NC food bank hopes donations will continue past holiday surge

Local

ELIZABETH CITY, NC. (WAVY) — It’s the season of giving.

While a local food bank is grateful for donations, it wants donors to remember it long after the holidays are over.

The Food Bank of the Albemarle serves 15 counties in northeast North Carolina and assists thousands of people monthly, according to Brian Gray, communications and volunteer coordinator.

“It’s an essential part of the community to help people who might be struggling in a lot of ways. Perhaps for job loss, injury, or something that’s caused a family to have something happen in their life and they’re facing unexpected medical bills. It could be anything. It could happen to anyone,” Gray said.

The organization says getting a surge in donations this time of the year is fantastic.

“But, we just want to always let people know after the holiday season is over, there are many, many thousands of families in our 15-county service area still in need that need to have food on their plate long after the holidays are over,” he said.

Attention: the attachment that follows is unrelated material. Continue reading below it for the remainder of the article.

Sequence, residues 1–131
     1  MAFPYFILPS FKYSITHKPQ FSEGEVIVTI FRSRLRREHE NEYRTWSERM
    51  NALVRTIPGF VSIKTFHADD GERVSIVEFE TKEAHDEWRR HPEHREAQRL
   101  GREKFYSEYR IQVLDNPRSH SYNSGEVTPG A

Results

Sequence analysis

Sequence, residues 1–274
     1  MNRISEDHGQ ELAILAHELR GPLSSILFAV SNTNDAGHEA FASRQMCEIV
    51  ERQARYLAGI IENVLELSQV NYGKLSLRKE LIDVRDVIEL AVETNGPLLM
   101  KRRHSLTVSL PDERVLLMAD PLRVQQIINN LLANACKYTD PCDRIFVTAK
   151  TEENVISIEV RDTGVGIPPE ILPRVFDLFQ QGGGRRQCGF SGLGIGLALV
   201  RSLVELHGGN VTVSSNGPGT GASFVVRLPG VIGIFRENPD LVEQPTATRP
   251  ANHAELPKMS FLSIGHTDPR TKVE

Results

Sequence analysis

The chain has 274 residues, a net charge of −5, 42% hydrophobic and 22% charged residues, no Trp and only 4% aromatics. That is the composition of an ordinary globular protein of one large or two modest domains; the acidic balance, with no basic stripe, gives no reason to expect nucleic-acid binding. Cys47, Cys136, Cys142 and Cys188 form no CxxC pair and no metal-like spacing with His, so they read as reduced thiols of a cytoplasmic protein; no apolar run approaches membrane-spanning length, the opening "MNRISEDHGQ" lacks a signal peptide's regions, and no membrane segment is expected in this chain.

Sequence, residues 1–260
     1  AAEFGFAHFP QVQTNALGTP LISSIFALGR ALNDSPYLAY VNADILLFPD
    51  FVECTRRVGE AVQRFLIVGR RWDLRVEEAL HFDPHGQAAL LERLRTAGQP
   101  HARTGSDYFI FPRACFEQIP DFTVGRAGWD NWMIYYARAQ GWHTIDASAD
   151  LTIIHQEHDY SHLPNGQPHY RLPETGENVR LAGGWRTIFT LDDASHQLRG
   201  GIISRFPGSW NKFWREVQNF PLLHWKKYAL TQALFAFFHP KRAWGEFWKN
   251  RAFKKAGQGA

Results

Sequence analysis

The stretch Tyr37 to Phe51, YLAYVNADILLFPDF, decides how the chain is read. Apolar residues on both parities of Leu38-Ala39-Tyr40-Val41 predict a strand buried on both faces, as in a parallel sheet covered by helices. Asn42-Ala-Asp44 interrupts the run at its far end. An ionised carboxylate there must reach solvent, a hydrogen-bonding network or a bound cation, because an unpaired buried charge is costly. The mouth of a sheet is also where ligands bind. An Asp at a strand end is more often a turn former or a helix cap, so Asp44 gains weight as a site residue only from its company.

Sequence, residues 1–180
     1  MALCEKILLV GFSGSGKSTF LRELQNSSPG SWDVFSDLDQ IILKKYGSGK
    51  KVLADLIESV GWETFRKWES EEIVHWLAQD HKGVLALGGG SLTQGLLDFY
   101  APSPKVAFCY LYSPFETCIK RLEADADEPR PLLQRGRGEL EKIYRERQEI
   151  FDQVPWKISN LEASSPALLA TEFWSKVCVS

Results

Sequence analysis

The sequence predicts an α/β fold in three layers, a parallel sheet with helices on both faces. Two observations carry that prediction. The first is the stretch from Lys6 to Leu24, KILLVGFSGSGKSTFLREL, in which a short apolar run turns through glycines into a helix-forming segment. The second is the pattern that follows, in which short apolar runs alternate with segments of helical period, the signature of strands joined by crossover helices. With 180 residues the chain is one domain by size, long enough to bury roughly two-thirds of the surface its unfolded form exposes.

Gray says last year they gave out around seven million meals, and the number increases every year.

“Each pantry day, we generally see 100 to 150 households each time. The need is steady. Thankfully it’s not growing exponentially, but it is steady. Depending on the time of the year or circumstances in the community, we could see additional people coming in. We always have to be ready.”

That’s why they plan for emergencies, like the government shutdown earlier this year which brought in more families because the Coast Guard base was impacted.

“The effects lingered for a while in our community. Thankfully, it didn’t have a long-lasting impact. We are always prepared in case something like that would happen again. We treat it like an emergency situation and we are ready to handle emergency situations like that,” Gray said.

But, the foodbank still needs helping hands to help carry the weight they see year long. It doesn’t have to just be through donations. Gray also encourages volunteers and being educated about food scarcity.

“You can help by learning more about the issue of hunger in our community by knowing what’s going on,” he said.

The food bank’s website includes information on this issue in the community.

To donate, volunteer, or learn more about the organization, click here.

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